Our theme for this testimony was the need for an international perspective to be considered in all thoughts, recommendations and action.
The 15-minute presentation is below (from 13mins 29):
And responses to further questions we were posed around the need to consider climate change from an international perspective also available here:
We look forward to hearing the recommendations for the city of Leeds and will continue to engage with our local and global communities to push the agenda of climate justice, recognising the climate debt owed to the majority world from exploiting countries (such as the UK) and striving towards the goal of holistic, economic, spiritual, environmental and cultural repairs to address legacies of colonialism and to end racial injustice.
Here’s the freshly released documentary from Virtual Migrants touring theatrical performance #ContinentChopChop.We laboured, loved and learned long and hard on this project and will be taking the essence of this theatre-film-poetry-music-digital-arts-community-engaging-connecting-politics-intervening stylee mash-up forward in new ways over the coming years. More ripples soon…
Continent Chop Chop documentary re-launches critical climate justice creativity by Virtual Migrants
At the end of 2015 Virtual Migrants toured Continent Chop Chop, an innovative theatrical performance which is now the short film – the Continent Chop Chop documentary. This film exposes the complex process involved in making an authentic artist-activist statement that avoids being didactic, doesn’t pull punches, and steers away from the common trappings of climate change art and performance.
‘Continent Chop Chop’ is a touring transmedia production linking narratives of climate change to the broader issues of poverty, race and social justice. Using interwoven narratives portrayed through music, poetry, and projected imagery, it will ask:
In December 2015 Voices that Shake! travelled to the alternative summit at COP 21 in Paris to offer solidarity to indigenous communities fighting for climate justice. This video features a speech extract delivered by Casey Camp-Horinek of the Ponca Nation and organiser with Indigenous Environmental Network recorded on Human Rights Day, 10th December 2015.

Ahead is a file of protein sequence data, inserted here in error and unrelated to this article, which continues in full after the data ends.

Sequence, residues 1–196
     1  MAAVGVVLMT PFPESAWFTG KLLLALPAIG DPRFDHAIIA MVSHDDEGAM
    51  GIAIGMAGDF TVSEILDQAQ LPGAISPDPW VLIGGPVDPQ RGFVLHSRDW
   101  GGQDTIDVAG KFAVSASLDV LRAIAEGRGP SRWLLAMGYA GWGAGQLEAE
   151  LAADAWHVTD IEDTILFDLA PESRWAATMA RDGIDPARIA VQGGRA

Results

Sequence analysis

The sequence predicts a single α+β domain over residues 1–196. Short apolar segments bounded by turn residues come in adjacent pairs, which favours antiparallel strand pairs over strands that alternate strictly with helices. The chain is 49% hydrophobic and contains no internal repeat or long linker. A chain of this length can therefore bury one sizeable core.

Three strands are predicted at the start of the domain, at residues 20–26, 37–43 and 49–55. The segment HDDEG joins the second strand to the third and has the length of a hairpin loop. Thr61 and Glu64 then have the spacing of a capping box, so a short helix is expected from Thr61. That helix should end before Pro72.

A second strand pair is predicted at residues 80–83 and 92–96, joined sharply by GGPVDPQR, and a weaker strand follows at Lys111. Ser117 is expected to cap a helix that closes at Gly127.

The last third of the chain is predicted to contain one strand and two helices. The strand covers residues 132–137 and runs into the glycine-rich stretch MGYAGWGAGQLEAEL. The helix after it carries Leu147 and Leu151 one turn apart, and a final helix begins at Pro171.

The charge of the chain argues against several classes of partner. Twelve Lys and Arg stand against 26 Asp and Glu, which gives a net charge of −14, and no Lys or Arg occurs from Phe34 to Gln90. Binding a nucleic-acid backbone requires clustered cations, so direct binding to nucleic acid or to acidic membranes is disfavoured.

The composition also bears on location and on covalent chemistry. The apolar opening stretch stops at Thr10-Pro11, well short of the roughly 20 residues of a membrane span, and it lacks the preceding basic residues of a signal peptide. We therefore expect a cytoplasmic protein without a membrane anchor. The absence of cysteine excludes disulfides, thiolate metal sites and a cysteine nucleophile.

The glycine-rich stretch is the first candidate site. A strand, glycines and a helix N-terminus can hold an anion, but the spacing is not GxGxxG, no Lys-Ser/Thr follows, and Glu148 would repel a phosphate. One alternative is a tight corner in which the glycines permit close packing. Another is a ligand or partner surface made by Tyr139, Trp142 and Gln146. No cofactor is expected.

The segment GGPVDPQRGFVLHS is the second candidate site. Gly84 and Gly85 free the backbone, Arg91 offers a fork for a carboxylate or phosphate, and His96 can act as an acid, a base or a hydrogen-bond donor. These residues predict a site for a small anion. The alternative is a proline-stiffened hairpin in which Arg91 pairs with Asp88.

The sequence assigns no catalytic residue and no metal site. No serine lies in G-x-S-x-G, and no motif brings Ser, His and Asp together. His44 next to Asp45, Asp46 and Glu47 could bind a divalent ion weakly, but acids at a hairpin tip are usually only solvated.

A transcript of the speech is below:
“…We are suffering from environmental genocide where I live. The Occupied Territory of the United States of Amerikkka that belongs to the indigenous nations of the Americas has long understood the policies that have come down.
We have had in the Concho Nation six treaties made, not one has been honoured. So when I hear of a treaty coming out of the UN I understand…
One of my relations told me – and we are all related, I want us to remember that – he said Continue reading →
Virtual Migrants collective has been working hard on a touring poetical musical digital mash-up theatrical production that connects austerity, refugees and climate justice. We’ve been in rigorous rehearsals upping our performance game in song, poetry, story-telling and even a lil slice of grime. Guided by the calm soul energy wisdom of Amanda Huxtable the show is now ready for the road.
Blurb about the show and tour dates are below.
A story told through poetry, music and digital-media connecting legacies of inequality to climate change. Touring Oct-Dec 2015: Manchester, London, Liverpool, Huddersfield, Leeds and Leicester.
// Crossing continents and historical boundaries //
// colliding refugee testimony with PR speak //
// imperial anthems versus Xhosa song //
// with a flavour of afrobeat, experimental electronics and nursery rhymes //